China Transport Sector Policy Briefing – 2019, Issue 1
The newest issue of our China Transport Sector Policy Briefing is here! The Sustainable Mobility Team at GIZ in China provides you with regular summaries of new important policies in China’s transport sector.
Please click here to download: China Transport Sector Policy Briefing Issue 1 2019
In the beginning of 2019, the Chinese government is planning to strengthen China’s automotive industry, with a focus on ICV and NEV industries, while curbing pollution caused by diesel trucks.
Strengthening the automotive industries, restrictions over diesel trucks
Based on the “Implementation Plan on Improving and Promoting the Consumption System (2018-2020)”, NDRC on 29 January 2019 released an “Implementation Scheme on Supply-Side Measures for Further Promoting Steady Growth of Consumption and Forming a Robust Domestic Market (2019)”. The scheme sets forth a series of measures to stimulate consumption and to upgrade the industry structure in China.
In the automotive area, local governments should implement measures according to their local conditions, such as promoting the upgrading of vehicles through subsidies for the purchase of new cars in exchange for the scrapping of old vehicles (those falling under CHINA III emission standards) or subsidies to rural residents for scrapping three-wheelers and purchasing light duty and passenger vehicles (trucks under 3.5 tons or passenger vehicles with up to 1.6 liter engines). The central government will financially support local governments in their implementation of effective pollution control measures, such as promoting the use of NEVs and phasing out heavy-duty trucks, and will continue working on improving NEV subsidies.
Two provinces and one major city are on the way of implementing concrete measures:
Zhejiang Province (home to the Geely Holding Group Co., Ltd) is one of the richest and most developed provinces in China. They issued a plan which targets the building of a world-class automotive industry cluster by 2022. By then, the province’s auto production should reach over 3.5 million units, of which more than 800,000 units should be NEVs. Moreover, the province will build various national innovation and technology centers focusing on manufacturing, technology and testing in the automotive industry.
Liaoning Province (home to BMW and the Brilliance Automotive Group) wishes to improve the international competitiveness of its advanced equipment industry. Therefore, Liaoning Province released the “Implementation Scheme for the Construction of an Advanced Equipment Manufacturing Base”, which includes a sub-project related to NEVs.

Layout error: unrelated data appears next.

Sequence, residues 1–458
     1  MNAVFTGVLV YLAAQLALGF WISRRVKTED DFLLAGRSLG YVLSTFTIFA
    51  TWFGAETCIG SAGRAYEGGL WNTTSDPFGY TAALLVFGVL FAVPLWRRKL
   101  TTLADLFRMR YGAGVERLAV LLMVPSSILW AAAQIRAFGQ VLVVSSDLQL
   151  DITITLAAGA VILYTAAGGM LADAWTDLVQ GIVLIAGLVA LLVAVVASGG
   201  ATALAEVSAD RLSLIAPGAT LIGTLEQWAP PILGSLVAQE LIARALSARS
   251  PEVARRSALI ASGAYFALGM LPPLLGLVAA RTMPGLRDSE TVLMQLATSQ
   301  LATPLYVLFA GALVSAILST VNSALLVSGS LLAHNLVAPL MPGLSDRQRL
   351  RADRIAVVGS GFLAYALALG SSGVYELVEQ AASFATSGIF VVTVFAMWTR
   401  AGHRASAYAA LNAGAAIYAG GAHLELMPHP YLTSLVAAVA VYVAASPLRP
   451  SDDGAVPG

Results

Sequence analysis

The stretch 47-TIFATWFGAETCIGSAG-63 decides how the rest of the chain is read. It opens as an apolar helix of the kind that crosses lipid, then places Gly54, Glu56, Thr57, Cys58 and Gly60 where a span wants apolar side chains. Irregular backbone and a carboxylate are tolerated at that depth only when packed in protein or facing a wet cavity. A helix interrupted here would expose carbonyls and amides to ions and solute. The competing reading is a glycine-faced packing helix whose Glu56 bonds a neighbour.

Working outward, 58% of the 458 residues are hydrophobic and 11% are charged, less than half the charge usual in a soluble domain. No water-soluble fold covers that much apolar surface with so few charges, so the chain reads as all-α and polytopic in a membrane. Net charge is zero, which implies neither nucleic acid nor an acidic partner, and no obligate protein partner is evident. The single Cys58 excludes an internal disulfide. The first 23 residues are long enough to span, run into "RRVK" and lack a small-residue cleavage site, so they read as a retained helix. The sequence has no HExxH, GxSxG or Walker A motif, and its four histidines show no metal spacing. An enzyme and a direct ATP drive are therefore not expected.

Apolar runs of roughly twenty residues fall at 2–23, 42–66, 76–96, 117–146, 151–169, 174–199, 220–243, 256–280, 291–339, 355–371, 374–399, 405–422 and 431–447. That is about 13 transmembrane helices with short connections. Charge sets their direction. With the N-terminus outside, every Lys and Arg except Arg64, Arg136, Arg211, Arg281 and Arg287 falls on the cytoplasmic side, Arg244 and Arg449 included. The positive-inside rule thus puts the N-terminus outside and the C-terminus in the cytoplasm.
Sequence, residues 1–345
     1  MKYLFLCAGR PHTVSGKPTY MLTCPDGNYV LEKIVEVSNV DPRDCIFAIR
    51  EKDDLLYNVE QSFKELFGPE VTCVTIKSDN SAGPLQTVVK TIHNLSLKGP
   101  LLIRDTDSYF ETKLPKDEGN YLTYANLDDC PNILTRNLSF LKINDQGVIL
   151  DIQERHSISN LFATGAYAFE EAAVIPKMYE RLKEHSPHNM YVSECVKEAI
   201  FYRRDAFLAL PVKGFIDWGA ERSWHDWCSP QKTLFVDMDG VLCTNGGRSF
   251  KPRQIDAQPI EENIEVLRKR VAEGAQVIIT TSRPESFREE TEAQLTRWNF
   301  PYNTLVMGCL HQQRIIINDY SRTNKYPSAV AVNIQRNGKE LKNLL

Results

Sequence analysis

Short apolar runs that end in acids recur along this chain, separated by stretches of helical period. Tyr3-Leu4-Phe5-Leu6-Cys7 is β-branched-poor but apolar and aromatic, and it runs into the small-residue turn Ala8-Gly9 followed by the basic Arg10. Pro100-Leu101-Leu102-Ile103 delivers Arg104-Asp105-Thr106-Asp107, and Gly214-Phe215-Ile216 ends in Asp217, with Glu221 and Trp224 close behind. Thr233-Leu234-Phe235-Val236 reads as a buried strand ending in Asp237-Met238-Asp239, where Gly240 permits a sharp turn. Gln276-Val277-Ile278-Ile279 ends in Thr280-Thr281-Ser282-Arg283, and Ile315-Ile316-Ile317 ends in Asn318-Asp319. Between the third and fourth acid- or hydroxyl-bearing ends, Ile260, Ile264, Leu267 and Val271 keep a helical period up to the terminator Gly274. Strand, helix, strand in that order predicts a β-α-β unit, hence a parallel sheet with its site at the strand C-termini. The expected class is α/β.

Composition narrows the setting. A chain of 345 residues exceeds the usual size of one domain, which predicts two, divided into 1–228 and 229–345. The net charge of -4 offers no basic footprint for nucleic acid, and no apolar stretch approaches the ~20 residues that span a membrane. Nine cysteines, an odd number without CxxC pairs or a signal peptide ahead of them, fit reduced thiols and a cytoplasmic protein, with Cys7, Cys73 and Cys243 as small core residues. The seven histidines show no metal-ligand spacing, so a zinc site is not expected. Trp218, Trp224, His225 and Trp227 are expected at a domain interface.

The plan stipulates that Liaoning Province will focus on the development of energy-saving vehicles, ICVs and core components. In the field of special vehicles, the province will focus on the development of pure electric and hybrid vehicles for airport shuttle services, snow removal, police and sanitation services and other fields of application. A project management office for coordinating and managing the manufacturing projects, specifically for those projects on energy-saving vehicles and NEVs, will be set up and located on the premises of the Brilliance Automotive Group.
Shenzhen (home to BYD) announced a first round of support plans in order to accelerate the development of the green and low-carbon industries of the city. One focal point lies on supporting the NEV industry. This includes the development of key components, materials, manufacturing and equipment for batteries, electronic controls, motors, charging equipment and DC converters. Research and development and commercialization of hydrogen production, storage, and filling technologies are another focus area.
The war on pollution continues
On 4 January 2019, eleven departments including the Ministry for Ecology and Environment (MEE), the National Development and Reform Commission (NDRC), the Ministry for Industry and Information Technology (MIIT) and the Ministry of Transport (MOT) jointly issued the “Action Plan for the Pollution Control of Diesel Trucks”, based on the targets stipulated in the “Three-Year Action Plan for Defending the Blue Sky 2018-2020”. It calls for strengthening the supervision of environmental protection standards for newly produced vehicles. It furthermore restates that key areas (Jing-Jin-Ji region, the Yangtze River Delta, the Pearl River Delta) and the Chengdu-Chongqing region will implement CHINA VI emission standards for motor vehicles ahead of the original schedule. Instead of following the deadlines put forward on a national level (July 2020 and 2023), it reconfirms these regions will start implementing CHINA VI starting from 1 July 2019, as announced in the Three-Year Action Plan, which seems to be a realistic goal. Whereas the 2023 goals pose a major challenge to the local industry as this standard is even stricter than the Euro 6 standard.
Just last week, MEE again encouraged cleaner fuels and announced to crack down harder on substandard diesel vehicles in its war on smog. Furthermore, they encouraged a stronger shift from road to rail. We have seen in the past month that intermodal transport is taking up. Fujian province, one of the centers of e-commerce in China, promotes a shift from road to rail and ship. The same accounts for Tianjin: A new set-up for bulk cargo transportation is scheduled to take basic shape by 2020, with a focus on enhanced efficiency, last-mile solutions, railway hubs, as well as collection and distribution channels within ports. Tianjin will also set up a demonstration project on combined container transport via waterway and rail and will promote the interactive sharing of information on multimodal transport.
Sandra Retzer & the GIZ in China Sustainable Mobility Team